Four prisoners escaped from the Pristina detention center Thursday night,
including a suspected murderer, U.N. police said. They also reported that an
unidentified male stabbed and killed a man in the village of Lajsure, near
Pristina. The victim's ethnicity was not known.

Three to five masked Albanian men entered an Albanian house in Urosevac on Thursday and tied up a family of five. One family member was shot and killed before the assailants fled. But the peacekeepers said in their report that witnesses' statements did not agree.

A man was fatally shot in the head in the southern town of Dragas, the
peacekeepers said. No other details were given.

Of an estimated 20,000 Serbs living in the provincial capital Pristina
during 1998, only about 700-800 remain, the report said.

The Albanians accuse Roma of having participated in Serb-led attacks on them and in looting and destroying property.

Ethnic Albanians living in the northern, Serb-controlled part of the divided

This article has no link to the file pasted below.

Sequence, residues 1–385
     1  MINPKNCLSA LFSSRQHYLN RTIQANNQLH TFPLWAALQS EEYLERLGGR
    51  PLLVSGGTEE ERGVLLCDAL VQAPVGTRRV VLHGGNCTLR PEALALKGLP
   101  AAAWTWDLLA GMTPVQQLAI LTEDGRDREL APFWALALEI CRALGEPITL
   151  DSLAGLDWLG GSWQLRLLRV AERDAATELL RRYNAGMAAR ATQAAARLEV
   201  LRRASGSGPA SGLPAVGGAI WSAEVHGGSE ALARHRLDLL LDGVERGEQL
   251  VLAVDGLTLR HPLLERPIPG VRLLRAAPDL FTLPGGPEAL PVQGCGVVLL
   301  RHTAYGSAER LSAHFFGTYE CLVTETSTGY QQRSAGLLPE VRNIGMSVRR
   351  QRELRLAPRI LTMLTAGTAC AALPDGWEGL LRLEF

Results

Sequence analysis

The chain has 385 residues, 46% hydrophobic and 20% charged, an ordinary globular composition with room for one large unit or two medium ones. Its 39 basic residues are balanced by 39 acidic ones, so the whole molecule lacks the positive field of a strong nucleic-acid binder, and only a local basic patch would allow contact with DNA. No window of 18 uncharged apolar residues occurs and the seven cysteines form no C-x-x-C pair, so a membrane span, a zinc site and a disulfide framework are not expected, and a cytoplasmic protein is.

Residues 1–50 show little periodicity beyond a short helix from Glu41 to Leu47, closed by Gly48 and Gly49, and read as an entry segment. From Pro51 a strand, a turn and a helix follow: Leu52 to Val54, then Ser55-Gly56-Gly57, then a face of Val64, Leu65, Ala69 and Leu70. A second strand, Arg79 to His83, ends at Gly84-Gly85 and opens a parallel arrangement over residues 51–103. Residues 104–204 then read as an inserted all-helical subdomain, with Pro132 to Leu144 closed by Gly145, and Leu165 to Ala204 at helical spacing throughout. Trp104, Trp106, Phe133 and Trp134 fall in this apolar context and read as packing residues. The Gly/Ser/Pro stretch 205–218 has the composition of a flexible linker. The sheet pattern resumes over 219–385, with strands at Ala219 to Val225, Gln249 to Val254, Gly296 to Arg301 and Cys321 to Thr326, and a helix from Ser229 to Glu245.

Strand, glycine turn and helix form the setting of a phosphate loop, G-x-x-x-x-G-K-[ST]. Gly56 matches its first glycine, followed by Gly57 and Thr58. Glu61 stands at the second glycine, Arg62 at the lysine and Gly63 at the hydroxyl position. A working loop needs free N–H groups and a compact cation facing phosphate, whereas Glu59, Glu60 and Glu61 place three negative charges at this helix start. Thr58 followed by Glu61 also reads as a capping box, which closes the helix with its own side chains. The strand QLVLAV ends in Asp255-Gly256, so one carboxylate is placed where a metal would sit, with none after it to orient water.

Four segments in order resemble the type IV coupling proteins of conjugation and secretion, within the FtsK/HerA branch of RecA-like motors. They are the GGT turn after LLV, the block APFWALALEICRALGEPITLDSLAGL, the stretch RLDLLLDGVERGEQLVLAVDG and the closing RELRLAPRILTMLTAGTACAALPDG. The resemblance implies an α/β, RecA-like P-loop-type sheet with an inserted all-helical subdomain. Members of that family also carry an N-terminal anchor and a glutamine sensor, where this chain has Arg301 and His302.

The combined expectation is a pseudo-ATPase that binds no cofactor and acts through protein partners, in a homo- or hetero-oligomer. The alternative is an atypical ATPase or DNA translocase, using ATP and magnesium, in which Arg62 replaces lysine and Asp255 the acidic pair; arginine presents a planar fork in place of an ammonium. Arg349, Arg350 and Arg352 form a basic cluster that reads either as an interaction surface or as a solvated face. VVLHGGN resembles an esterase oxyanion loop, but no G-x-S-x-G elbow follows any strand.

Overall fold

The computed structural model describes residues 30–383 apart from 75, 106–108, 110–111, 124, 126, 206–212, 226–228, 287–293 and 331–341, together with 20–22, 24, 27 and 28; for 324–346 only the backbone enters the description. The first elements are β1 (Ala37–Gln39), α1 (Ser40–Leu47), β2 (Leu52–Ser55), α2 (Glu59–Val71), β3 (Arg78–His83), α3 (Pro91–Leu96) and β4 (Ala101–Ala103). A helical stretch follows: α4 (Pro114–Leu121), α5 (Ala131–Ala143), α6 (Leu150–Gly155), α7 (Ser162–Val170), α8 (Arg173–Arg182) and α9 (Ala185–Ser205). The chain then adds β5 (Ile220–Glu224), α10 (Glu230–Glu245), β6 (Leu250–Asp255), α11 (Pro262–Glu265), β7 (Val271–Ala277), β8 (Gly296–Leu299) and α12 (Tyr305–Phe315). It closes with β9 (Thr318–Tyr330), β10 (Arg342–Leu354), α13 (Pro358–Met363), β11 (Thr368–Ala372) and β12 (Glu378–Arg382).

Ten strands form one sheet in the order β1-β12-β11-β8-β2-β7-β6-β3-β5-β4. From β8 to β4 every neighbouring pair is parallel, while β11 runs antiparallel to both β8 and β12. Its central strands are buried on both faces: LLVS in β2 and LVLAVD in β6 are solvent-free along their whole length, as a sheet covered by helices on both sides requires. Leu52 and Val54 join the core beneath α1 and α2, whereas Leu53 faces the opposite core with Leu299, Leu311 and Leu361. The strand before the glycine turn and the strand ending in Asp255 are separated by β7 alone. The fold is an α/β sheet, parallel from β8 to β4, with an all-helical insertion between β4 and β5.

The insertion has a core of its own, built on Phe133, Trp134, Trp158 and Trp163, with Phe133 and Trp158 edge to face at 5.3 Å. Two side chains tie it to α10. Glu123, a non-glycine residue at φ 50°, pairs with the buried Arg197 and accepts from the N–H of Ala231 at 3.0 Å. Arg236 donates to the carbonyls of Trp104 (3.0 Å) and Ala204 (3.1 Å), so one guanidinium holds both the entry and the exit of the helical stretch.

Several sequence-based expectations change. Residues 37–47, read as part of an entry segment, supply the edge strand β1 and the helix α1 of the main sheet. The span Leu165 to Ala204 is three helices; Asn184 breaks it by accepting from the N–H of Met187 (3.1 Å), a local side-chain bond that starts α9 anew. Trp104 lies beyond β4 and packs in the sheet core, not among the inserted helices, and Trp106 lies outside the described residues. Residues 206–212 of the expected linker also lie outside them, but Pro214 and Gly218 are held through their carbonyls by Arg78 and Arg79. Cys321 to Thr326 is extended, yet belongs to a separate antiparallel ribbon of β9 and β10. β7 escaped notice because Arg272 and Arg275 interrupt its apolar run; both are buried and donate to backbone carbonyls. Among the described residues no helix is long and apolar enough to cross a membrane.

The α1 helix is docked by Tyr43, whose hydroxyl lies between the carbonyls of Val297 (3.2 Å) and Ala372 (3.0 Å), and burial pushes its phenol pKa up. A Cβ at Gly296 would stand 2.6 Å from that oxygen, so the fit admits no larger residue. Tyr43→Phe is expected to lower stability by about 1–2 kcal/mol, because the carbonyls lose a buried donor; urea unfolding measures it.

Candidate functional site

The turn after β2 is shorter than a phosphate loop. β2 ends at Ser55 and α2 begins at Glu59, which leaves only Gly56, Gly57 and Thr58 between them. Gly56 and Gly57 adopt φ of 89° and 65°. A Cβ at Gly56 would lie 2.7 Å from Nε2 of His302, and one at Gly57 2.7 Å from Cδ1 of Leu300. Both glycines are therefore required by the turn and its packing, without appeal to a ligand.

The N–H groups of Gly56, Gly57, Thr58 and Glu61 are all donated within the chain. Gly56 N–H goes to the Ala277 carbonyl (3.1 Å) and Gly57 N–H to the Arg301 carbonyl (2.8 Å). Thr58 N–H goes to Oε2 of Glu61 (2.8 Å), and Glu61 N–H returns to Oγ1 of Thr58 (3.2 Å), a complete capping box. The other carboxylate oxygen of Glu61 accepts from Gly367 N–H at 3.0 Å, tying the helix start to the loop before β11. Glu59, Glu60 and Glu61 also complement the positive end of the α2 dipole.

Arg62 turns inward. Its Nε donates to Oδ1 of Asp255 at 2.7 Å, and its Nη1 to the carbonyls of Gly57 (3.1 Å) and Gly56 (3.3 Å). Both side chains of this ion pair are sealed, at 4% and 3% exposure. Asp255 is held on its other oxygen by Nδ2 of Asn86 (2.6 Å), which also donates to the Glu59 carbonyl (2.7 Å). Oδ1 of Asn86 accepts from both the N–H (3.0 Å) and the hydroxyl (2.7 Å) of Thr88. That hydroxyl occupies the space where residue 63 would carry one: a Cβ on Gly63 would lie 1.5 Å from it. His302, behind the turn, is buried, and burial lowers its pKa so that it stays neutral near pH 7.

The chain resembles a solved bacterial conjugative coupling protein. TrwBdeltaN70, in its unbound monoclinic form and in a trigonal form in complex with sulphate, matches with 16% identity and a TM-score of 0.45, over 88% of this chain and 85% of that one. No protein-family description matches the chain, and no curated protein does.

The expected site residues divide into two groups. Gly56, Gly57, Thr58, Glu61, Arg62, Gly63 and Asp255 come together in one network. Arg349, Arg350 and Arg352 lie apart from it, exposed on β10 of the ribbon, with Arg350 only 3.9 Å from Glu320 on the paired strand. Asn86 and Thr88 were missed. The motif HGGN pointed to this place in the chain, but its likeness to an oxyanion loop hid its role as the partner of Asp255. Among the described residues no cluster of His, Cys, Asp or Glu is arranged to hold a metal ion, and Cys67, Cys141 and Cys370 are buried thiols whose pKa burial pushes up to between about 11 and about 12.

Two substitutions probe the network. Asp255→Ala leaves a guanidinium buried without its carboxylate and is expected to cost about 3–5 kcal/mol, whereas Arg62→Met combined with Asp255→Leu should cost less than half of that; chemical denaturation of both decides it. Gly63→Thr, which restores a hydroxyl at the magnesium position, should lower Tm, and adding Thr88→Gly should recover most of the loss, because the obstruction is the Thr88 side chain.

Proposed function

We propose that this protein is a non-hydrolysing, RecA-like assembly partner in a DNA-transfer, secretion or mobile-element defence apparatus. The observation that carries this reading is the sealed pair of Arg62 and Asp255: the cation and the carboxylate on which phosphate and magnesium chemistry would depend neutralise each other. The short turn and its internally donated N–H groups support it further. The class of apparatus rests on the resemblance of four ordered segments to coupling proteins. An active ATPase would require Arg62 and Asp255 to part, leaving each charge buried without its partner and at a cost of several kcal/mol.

town of Kosovska Mitrovica also suffer discrimination and often violence, the report said.

"In stark contrast to the majority population, some minorities have been so
cut off from the possibility of employment or agricultural production that they have been reduced to the status of welfare cases," the report noted.

But the protection of minorities "remains the litmus test of peace in
Kosovo," the document said.

RERUTERS REPORT (on the same issue)

Kosovo minorities' plight still precarious

PRISTINA, Yugoslavia, Feb 11 (Reuters) - The plight of ethnic minorities in
Kosovo remains precarious and has even deteriorated in many cases in the
past few months, a report compiled by two major international agencies said
on Friday.

The report, by the United Nations refugee agency and the Organisation for
Security and Cooperation in Europe, also said a recent eruption of ethnic
violence in the Mitrovica region was a serious setback to attempts to help

"Kosovo continues to be volatile and potentially dangerous, with ethnicity
often remaining a determining factor in the risk of falling victim to
crime," the report said.

The report was the fourth in a series published every few months examining
the situation of minorities in Kosovo since a U.N. mission, known as UNMIK, and NATO-led peacekeepers took over responsibility for the Yugoslav province last June.

Minority groups, particularly Serbs, have been the frequent target of